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Some fraud conspiracies are especially creative, and some of the most notorious fraudsters in the United States have worked in creative industries like painting, filmmaking, photography and literature. Today’s fraud, courtesy of mylanews.com deals with a woman who stole the identities of senior citizens in order to claim unemployment insurance for them. She gave them fake jobs at a company she claimed to operate, promising them the potential for roles in Hollywood films. (However, in my opinion, this fraud story does not deserve to be glorified by being made into a Hollywood movie.)
The fraudster pleaded guilty on Tuesday, October 13, 2015 to one count of conspiracy to commit mail fraud as part of a plea agreement in a Los Angeles federal court. Her scheme occurred over the course of two years, and involved recruiting seniors by convincing them that they would be involved in remakes of famous Hollywood classics. (But instead of assembling actors to make the next James Bond, this woman may need to get a bail bond.) To show her victims that she was offering a real opportunity, this fraudster and her co-conspirators created fake film animation and production companies which they used to demonstrate legitimacy.
Once they signed up the seniors and received their necessary employment information, including their Social Security numbers, they filed false wage reports and then pretended to lay off these workers. The story states that these fraudsters collected more than $290,000 in unemployment benefits originally directed for these senior citizens. However, the victims of this identity fraud never saw any of the fake wages from the production companies, nor any of the unemployment benefits they were supposed to receive. (If everything about this story seems unreal, suffice it to say that it could only be made in Hollywood.)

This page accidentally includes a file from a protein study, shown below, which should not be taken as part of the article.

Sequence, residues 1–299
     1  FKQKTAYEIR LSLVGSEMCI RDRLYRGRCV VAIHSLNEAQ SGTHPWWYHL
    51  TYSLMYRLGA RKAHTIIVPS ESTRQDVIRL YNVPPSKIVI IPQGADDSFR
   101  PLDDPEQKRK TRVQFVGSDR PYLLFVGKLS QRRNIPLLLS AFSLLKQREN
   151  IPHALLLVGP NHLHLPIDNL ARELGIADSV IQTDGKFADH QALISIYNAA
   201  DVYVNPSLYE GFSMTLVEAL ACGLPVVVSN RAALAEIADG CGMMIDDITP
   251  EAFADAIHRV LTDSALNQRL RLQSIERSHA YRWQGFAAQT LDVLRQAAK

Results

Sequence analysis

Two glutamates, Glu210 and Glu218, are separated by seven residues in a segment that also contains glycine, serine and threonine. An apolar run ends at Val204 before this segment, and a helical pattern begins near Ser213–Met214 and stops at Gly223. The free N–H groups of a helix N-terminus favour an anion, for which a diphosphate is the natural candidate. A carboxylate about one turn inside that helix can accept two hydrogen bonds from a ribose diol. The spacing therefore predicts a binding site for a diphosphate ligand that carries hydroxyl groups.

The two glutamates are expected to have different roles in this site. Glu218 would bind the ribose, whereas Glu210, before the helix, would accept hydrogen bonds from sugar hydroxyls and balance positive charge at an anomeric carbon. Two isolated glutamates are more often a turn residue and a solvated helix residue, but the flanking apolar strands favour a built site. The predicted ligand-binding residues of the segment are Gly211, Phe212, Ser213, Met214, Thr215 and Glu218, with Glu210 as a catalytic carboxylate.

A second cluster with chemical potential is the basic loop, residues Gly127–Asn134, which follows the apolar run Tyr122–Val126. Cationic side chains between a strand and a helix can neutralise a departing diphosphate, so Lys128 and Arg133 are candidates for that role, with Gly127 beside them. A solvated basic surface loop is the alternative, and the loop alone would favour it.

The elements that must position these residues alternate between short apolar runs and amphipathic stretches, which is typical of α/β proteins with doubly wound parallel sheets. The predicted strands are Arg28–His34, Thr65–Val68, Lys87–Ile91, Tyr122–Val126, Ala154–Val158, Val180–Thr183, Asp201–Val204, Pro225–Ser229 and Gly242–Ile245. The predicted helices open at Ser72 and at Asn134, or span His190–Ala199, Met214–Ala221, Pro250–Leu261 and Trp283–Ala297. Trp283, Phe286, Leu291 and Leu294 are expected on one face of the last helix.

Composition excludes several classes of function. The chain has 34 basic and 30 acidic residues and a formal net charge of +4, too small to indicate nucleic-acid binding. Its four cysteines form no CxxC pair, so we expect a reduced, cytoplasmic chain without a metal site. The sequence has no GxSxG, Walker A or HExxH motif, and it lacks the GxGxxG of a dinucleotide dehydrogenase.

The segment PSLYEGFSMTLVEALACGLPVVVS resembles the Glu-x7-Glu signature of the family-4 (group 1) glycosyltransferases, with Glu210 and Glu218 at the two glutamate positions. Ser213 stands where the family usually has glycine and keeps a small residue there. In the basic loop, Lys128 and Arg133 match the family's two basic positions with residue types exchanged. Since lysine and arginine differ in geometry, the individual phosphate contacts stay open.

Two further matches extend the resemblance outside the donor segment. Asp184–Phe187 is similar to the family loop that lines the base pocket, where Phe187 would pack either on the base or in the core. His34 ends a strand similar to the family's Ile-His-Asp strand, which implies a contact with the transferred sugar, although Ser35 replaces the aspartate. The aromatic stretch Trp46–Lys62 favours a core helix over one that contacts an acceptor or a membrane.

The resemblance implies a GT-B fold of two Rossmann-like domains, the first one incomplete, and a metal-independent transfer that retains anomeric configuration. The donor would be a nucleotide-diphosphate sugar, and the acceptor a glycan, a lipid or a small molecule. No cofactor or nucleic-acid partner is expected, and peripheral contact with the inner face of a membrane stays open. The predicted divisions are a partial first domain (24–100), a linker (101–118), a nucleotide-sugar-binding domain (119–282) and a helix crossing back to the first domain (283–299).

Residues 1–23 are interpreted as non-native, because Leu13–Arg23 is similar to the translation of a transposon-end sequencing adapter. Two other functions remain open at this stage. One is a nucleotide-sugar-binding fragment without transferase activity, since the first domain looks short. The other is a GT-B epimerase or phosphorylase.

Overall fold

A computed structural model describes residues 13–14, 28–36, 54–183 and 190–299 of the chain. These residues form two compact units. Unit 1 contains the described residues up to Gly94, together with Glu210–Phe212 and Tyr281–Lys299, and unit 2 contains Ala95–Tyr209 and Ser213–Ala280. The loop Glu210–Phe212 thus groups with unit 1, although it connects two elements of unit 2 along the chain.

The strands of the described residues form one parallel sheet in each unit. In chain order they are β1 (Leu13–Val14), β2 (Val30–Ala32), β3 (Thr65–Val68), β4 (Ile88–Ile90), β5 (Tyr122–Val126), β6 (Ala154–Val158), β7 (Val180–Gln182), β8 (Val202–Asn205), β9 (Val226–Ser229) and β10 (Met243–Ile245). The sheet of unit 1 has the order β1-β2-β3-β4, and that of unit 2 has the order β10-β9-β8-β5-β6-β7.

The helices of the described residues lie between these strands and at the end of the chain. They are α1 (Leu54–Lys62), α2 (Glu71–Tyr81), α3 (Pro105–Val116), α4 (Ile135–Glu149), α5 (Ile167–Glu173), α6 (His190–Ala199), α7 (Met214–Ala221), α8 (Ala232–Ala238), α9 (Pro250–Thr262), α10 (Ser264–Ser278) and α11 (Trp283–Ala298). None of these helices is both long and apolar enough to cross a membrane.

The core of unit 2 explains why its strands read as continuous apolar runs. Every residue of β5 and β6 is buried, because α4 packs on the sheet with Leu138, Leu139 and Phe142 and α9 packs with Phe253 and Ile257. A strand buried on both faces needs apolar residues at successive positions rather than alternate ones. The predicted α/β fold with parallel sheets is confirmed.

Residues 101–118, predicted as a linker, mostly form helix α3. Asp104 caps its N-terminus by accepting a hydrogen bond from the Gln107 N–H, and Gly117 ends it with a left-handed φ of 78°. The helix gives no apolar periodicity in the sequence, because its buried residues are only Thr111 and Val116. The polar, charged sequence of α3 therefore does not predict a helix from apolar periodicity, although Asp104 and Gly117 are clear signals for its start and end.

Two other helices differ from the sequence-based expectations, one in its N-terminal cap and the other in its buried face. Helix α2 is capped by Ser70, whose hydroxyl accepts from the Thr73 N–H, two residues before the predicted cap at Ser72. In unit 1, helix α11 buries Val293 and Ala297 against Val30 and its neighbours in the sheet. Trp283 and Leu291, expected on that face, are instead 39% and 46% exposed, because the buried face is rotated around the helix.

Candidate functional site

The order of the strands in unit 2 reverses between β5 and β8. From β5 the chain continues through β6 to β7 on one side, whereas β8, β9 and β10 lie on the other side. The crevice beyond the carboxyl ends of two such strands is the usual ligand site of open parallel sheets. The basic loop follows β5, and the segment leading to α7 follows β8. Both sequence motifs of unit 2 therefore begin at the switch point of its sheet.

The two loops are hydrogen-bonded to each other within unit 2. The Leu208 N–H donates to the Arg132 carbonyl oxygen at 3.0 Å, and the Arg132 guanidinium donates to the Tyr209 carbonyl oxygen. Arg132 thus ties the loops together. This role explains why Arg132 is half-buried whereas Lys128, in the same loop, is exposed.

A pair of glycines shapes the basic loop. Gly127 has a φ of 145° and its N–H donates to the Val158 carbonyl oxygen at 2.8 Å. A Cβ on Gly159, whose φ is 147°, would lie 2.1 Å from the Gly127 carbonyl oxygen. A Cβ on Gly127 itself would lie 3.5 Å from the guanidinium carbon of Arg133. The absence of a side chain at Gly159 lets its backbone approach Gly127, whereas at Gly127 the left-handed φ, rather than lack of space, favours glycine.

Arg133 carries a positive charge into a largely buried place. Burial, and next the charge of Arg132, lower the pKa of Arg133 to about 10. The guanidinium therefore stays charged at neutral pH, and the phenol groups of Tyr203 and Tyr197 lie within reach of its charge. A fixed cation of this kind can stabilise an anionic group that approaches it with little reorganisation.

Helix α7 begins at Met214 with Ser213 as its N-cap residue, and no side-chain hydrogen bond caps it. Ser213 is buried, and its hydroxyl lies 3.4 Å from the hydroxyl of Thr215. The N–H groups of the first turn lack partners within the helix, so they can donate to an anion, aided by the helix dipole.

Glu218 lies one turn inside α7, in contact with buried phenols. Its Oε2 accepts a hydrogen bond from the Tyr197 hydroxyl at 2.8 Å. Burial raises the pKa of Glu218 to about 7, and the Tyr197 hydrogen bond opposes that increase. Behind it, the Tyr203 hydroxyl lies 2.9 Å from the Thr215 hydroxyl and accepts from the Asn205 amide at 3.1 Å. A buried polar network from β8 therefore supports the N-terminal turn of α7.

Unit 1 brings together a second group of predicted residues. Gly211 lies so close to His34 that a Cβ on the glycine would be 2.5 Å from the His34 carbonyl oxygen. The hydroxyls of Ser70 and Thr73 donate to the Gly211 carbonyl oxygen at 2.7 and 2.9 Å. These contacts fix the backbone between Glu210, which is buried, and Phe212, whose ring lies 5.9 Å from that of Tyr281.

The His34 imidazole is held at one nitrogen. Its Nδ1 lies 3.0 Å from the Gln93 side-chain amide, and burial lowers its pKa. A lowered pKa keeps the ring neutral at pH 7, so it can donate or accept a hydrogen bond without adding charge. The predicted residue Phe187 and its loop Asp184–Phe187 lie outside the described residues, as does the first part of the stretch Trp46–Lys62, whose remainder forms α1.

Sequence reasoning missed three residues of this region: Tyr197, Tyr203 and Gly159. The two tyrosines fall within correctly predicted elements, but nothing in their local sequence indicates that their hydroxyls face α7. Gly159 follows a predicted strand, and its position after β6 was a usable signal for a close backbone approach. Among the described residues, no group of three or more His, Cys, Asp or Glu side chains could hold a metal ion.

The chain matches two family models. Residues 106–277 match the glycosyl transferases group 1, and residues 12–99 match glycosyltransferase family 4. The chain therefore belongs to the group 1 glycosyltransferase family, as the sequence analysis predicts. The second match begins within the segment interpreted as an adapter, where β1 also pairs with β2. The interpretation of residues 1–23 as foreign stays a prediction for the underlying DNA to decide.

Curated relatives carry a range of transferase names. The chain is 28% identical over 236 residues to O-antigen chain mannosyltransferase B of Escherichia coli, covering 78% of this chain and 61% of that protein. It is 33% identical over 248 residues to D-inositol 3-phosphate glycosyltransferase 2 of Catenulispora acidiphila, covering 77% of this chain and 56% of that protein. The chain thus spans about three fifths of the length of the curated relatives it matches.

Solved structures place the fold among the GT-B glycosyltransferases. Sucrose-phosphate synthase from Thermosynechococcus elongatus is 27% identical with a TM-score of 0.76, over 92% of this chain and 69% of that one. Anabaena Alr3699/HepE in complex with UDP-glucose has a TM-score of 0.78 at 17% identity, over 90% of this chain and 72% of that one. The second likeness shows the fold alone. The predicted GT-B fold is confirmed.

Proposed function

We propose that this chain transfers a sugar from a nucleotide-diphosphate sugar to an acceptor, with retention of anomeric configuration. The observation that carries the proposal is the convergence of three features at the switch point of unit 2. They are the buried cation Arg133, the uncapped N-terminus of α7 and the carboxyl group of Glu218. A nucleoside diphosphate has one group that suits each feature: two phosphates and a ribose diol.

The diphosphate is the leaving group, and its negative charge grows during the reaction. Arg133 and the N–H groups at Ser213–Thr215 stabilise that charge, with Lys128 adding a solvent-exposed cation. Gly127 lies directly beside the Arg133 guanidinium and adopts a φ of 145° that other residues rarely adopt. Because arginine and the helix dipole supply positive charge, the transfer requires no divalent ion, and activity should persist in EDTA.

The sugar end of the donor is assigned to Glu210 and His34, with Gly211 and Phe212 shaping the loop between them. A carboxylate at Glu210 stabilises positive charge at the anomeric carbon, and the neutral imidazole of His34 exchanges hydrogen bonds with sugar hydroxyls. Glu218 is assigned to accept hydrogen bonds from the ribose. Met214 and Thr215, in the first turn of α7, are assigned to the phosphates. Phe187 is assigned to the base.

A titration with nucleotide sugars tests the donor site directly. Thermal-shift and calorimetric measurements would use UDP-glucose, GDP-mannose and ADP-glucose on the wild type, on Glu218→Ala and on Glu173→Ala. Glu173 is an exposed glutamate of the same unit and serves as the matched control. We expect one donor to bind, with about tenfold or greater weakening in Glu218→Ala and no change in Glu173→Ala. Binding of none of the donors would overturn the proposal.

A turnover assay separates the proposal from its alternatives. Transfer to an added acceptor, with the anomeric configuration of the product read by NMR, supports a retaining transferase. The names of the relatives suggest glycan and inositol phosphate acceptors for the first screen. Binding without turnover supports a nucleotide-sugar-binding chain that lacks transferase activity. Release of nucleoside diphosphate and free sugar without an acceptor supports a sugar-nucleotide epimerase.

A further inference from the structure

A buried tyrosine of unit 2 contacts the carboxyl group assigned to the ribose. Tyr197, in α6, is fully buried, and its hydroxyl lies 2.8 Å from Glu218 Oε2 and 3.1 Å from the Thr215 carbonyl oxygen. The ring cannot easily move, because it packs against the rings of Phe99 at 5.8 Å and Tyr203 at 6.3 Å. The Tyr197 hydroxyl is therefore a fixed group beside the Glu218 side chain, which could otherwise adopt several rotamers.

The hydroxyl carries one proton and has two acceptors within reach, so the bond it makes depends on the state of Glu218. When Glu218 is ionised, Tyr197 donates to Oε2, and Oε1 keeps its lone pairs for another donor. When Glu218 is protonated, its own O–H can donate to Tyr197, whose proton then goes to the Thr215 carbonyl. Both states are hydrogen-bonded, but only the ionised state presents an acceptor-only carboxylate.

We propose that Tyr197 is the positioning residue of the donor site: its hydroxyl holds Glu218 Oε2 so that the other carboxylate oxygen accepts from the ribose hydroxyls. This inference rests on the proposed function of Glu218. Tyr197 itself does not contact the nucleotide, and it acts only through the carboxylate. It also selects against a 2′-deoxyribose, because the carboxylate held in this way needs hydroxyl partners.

The woman who took the plea bargain on October 14, 2015 faces sentencing on January 6, 2016. She faces up to five years in Federal prison.
It’s been said that truth is stranger than fiction. This scheme certainly falls into that category. Let’s hope that as part of her sentencing, this fraudster receives an appropriate sentence, and that someone can do something to help the seniors whose identities were stolen, as well.
Source: Today’s ”Fraud of the Day” is based on an article titled, ”Woman pleads guilty to ID theft; seniors promised movie roles” written by Debbie L. Sklar and published by mylanews.com on October 14, 2015.
An Antelope Valley woman pleaded guilty Wednesday in a mail fraud scheme that used personal data stolen from elderly victims in an effort to defraud the state’s unemployment insurance program out of nearly $300,000.
Dena Buttram of Littlerock, 32 who also uses the last name Peterman pleaded guilty to one count of conspiracy to commit mail fraud pursuant to a plea agreement filed Tuesday in Los Angeles federal court, according to the U.S. Attorney’s Office.
Over the course of two years, Buttram and co-conspirators stole Social Security numbers and other personal identifying information that was used to defraud the California Employment Development Department, which administers the state unemployment insurance program, prosecutors said.